Glioblastoma. Glioblastoma multiforme (GBM) is one of the most aggressive tumours arising in the central nervous system. Studies have shown that daily niclosamide administration significantly decreases the size and metastatic potential of advanced brain tumours. It also increases the overall survival time at least twice in mice xenografted with glioblastoma.

Niclosamide is thought to halt the Notch pathway, thus inhibiting tumorigenesis (this anticancer target is especially prolific in case of glioblastoma). Additionally, it stops the WNT/CTNNB1-,  mTOR-, and NF-κB signaling cascades, which in turn prevents the tumours from further growth as well as spreading to other sites of the body. [1]

Research results also suggest that niclosamide could have a positive synergistic effect on glioblastoma in combination with the gold standard in brain cancer therapy – temozolomide. Together both agents seem to kill cancer stem cells and lower the aggressiveness better than each drug on its own. [2]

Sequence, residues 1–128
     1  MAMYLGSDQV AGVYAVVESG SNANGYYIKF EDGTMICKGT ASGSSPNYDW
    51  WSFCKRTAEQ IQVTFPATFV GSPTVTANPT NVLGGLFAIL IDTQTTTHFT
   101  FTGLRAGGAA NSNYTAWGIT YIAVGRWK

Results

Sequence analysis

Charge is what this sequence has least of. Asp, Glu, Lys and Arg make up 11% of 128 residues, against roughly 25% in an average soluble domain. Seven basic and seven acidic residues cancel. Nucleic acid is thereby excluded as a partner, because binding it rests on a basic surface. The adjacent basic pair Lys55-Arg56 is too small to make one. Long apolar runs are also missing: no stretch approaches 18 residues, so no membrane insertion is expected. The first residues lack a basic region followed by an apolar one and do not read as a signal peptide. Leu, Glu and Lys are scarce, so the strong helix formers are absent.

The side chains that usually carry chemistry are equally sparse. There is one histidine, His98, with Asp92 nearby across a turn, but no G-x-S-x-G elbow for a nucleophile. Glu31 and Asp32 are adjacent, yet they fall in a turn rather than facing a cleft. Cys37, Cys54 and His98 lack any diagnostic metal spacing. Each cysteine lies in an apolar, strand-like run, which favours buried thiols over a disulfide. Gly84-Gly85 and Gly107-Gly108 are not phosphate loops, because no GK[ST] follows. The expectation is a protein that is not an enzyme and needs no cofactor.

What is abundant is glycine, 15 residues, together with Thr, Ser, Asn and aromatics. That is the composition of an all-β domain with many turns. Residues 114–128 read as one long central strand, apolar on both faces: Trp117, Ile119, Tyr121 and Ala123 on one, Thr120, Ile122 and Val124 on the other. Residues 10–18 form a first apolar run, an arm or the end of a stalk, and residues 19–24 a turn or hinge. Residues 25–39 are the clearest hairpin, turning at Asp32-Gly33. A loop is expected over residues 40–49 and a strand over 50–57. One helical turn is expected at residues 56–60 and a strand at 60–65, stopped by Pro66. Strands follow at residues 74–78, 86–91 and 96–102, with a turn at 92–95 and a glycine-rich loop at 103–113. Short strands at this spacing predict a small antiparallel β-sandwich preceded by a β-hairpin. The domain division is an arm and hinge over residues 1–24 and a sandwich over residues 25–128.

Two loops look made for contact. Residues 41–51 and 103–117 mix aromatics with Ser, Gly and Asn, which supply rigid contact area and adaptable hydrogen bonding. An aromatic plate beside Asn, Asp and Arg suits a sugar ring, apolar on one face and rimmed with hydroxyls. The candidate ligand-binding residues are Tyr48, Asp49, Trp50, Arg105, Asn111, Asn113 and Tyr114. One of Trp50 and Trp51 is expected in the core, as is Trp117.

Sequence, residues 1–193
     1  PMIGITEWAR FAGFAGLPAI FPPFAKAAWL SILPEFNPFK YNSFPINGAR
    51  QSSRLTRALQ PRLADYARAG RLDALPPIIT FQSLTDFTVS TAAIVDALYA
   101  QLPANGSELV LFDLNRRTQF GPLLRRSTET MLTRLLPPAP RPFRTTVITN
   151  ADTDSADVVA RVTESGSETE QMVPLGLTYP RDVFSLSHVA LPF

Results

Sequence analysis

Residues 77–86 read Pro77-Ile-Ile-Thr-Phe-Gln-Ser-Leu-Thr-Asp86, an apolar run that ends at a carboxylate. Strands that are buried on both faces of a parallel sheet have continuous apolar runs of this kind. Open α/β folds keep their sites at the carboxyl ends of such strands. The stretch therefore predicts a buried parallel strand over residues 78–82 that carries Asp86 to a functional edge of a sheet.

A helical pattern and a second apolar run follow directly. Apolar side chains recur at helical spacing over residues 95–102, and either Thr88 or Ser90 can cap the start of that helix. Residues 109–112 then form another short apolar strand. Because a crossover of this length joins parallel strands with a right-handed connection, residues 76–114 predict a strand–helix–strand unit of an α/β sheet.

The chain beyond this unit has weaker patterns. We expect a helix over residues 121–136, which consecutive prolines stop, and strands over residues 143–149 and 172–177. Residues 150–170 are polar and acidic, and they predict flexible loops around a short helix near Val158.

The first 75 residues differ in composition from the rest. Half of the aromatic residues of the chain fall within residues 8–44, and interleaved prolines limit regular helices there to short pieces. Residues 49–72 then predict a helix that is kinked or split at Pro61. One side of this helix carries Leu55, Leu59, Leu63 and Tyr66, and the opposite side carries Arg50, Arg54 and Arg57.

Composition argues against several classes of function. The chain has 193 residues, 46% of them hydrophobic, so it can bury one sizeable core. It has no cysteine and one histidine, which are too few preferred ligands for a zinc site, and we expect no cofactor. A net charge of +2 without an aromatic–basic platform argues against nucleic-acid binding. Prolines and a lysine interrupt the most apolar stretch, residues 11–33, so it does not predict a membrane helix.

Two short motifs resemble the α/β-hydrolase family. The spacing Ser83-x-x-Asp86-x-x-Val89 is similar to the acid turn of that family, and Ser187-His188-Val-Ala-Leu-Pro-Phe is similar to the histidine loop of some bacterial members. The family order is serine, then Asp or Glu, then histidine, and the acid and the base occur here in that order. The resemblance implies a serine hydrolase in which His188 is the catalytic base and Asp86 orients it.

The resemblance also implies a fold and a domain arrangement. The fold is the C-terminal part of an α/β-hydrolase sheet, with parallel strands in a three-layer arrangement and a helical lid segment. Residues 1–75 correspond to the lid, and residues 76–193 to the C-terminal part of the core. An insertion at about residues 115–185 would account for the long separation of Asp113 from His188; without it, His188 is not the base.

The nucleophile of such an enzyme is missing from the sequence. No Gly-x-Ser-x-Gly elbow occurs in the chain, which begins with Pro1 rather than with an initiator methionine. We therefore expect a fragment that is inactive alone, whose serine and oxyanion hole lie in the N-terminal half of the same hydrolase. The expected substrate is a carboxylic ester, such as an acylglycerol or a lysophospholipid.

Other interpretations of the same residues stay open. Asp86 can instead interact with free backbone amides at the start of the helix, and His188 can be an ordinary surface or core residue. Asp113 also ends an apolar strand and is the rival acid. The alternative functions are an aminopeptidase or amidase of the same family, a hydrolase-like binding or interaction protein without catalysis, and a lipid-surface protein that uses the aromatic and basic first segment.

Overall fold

Fig. 1. Comparison of horizontal brain sections with tumours between rodent groups that received no treatment and those who received niclosamide. In the left we can see an enormous glioblastoma that is crossing and invading various parts of the brain. In the right is an example after daily niclosamide treatment, only a few tumour cells are left at the initial site of glioblastoma implantation. Retrieved from [3].